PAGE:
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COVID cases spike at CVRJ

ORANGE — After months of mostly negative test results, COVID-19 has hit the Central Virginia Regional Jail.

“It seems our luck has run out,” CVRJ Superintendent Frank Dyer said.

As of early September, there had only been 12 positive COVID-19 cases at the jail, far fewer than in similar facilities in surrounding areas. Coffeewood Correctional Center in Culpeper has had 674 cases of the virus since it first emerged in March, with nearly half of those occurring in November and December.

But after an encouraging start to the pandemic, numbers at CVRJ have spiked. According to Dyer, the first positive test of the most recent incident occurred Dec. 28, which led to testing 48 more inmates in the same housing area. Of those, 33 tested positive. Those with symptoms or positive tests are moved to a quarantine housing area. Inmates are not charged for COVID assessments or any COVID related treatment.

Inmates in quarantine with required court appearances are appearing via a video conferencing system when possible. They are transported separately from well inmates when an in-person court appearance is necessary. In addition, 11 jail staff are out with the illness. Staff members must test negative in order to return to work.

Dyer said there have been no hospitalizations and the virus seems to be contained between the quarantine area and the housing block in which the symptoms first occurred.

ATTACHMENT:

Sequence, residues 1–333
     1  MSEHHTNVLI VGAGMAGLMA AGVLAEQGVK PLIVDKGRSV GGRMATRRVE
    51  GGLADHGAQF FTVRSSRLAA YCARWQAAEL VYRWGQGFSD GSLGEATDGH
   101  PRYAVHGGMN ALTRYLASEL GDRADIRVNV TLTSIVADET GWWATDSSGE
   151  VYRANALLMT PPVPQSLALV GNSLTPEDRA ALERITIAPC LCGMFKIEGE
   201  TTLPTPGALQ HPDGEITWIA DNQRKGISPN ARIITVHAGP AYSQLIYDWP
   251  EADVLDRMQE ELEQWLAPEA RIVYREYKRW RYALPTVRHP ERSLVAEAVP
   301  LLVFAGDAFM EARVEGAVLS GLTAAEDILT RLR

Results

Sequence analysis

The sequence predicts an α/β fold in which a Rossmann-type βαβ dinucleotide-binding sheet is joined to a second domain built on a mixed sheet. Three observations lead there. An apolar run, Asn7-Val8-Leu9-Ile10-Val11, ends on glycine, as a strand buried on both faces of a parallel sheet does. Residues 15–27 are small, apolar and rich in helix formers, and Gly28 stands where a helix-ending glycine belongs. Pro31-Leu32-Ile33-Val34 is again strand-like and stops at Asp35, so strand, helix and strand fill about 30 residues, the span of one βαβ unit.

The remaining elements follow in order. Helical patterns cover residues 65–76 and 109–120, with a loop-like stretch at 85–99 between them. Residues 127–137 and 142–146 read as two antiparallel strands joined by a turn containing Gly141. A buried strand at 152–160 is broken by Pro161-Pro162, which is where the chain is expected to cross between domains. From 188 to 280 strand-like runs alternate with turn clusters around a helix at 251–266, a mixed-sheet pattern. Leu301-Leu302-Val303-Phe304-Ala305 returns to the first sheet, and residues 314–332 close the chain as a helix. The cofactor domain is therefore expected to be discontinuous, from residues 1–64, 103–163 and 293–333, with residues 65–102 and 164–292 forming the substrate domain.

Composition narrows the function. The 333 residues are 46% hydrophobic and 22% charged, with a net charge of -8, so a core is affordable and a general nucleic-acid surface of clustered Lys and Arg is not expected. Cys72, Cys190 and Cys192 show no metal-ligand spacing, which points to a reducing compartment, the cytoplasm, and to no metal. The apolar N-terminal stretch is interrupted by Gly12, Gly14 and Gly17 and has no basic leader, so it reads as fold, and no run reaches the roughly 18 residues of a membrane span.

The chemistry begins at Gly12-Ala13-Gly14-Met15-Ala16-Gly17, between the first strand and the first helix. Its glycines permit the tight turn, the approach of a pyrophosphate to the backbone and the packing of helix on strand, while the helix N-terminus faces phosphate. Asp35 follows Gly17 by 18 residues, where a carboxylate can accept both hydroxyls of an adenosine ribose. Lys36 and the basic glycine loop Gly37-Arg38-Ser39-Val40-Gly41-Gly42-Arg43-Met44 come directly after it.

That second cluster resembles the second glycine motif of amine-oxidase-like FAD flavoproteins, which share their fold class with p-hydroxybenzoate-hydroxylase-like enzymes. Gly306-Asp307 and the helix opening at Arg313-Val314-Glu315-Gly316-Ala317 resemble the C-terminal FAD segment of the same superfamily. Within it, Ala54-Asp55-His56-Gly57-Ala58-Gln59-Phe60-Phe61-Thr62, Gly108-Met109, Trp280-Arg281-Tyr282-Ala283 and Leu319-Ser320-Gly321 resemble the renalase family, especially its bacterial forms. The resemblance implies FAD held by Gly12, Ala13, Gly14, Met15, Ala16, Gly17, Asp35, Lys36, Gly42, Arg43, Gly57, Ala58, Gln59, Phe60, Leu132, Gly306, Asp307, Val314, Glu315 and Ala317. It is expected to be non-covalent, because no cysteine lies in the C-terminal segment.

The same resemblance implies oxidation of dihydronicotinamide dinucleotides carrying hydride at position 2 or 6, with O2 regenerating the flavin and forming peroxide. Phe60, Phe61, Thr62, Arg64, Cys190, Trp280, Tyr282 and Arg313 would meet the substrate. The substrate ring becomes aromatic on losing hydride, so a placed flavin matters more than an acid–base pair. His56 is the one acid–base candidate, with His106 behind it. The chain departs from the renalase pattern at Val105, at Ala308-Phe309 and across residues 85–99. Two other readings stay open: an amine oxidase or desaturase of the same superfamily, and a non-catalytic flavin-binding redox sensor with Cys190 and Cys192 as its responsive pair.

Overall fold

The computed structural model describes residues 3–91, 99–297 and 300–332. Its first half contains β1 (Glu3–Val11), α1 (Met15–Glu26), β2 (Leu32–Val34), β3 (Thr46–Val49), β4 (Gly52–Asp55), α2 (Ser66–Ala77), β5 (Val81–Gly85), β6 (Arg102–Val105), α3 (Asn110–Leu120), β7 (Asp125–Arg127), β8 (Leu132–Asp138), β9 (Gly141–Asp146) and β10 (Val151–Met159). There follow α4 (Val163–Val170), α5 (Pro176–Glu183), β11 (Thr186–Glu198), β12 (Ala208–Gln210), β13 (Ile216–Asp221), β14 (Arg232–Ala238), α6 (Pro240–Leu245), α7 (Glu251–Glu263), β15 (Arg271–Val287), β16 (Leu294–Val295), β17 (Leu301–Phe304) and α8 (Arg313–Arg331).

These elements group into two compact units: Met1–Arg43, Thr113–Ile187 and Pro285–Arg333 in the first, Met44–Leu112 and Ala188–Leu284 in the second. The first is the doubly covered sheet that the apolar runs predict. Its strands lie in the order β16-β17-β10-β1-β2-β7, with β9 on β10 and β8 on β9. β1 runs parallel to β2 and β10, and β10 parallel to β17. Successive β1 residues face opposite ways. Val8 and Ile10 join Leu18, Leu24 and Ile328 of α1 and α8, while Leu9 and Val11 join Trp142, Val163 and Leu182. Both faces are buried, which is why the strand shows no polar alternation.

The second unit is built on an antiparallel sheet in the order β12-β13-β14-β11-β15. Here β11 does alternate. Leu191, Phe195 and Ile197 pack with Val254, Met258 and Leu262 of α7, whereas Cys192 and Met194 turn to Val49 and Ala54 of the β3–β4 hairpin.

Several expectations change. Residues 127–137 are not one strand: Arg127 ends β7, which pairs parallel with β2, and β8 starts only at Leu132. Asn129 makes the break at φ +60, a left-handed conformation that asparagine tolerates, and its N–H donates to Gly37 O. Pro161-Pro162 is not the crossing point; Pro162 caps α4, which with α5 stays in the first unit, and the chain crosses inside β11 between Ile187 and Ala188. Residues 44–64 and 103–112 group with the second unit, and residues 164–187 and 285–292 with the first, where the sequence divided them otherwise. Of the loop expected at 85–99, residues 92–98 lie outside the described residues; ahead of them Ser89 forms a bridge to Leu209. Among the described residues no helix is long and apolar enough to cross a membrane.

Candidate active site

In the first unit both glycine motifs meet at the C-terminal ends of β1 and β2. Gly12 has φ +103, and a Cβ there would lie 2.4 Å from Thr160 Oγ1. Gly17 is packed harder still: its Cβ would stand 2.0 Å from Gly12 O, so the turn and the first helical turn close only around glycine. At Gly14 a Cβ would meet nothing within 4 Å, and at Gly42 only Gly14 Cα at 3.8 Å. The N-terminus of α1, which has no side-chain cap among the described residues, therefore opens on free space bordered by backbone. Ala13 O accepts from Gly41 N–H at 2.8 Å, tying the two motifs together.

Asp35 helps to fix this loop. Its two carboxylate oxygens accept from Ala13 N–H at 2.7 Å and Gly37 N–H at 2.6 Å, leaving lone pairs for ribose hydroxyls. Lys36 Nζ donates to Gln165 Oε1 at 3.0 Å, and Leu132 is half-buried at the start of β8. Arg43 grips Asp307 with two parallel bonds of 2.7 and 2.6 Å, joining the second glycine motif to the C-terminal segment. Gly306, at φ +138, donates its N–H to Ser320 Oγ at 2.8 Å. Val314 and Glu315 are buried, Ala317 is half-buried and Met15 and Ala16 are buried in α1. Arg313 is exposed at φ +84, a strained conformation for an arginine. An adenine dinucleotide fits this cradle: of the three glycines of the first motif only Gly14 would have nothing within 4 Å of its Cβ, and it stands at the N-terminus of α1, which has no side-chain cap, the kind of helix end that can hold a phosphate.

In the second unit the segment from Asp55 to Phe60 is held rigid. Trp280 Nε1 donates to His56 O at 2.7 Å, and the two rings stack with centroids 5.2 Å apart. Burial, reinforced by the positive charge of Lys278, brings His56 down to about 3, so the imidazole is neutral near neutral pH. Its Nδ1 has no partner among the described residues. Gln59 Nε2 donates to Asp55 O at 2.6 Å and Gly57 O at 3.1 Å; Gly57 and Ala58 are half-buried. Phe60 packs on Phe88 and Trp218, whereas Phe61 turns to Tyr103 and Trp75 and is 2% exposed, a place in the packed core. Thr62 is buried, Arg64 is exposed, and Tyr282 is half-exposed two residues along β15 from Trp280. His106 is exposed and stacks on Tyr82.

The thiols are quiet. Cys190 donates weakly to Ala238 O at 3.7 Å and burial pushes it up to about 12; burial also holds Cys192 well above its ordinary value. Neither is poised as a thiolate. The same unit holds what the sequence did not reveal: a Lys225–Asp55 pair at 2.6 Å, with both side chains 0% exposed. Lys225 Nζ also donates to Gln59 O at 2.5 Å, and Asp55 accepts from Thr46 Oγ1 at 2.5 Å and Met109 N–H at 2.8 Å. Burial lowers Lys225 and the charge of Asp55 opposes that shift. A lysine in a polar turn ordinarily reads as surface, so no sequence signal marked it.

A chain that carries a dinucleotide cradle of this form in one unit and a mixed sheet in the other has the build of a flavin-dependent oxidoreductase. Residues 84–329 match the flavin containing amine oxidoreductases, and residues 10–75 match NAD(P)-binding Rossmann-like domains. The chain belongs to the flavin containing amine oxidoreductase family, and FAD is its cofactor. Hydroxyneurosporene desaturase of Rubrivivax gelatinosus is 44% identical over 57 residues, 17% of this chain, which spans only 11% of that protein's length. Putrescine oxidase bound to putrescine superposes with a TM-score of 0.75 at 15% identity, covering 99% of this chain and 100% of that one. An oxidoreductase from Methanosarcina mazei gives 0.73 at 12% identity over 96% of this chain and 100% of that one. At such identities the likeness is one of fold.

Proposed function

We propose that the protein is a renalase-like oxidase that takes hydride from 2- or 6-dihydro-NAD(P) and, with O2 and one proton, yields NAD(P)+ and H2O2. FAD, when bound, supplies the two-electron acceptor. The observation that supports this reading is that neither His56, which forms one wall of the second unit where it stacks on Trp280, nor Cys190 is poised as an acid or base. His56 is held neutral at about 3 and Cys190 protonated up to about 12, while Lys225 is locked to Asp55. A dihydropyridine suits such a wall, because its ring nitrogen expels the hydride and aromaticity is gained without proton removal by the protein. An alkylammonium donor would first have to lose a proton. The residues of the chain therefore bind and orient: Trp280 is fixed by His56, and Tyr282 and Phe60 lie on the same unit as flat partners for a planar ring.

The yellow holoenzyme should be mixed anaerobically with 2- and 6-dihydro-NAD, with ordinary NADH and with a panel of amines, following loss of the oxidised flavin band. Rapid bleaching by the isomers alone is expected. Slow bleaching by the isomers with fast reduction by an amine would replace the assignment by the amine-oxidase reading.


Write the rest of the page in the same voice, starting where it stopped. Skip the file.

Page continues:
Since March, 246 inmates have been tested for COVID-19, along with 91 staff members. The jail received CARES Act funding for COVID related expenses from Orange and Louisa counties. Approximately $42,000 of the $80,000 allocation was used to purchase testing kits. The cost includes the lab processing the results. Some of the funds were also used for masks. The jail provided a mask for every inmate. Inmates are encouraged to wear the issued mask, but aren’t required to, as enforcement is an issue. Staff are required to wear masks in inmate housing.

Dyer said some jail staff members have been vaccinated against the virus. Staff for the most part have declined the vaccine. There is currently no known schedule for when inmates will receive the vaccine. Those living in correctional facilities are included in the state’s 1b phase of vaccination, which has begun throughout the state. However, with vaccine shortages, health districts are still working out the logistics of administering the shot.


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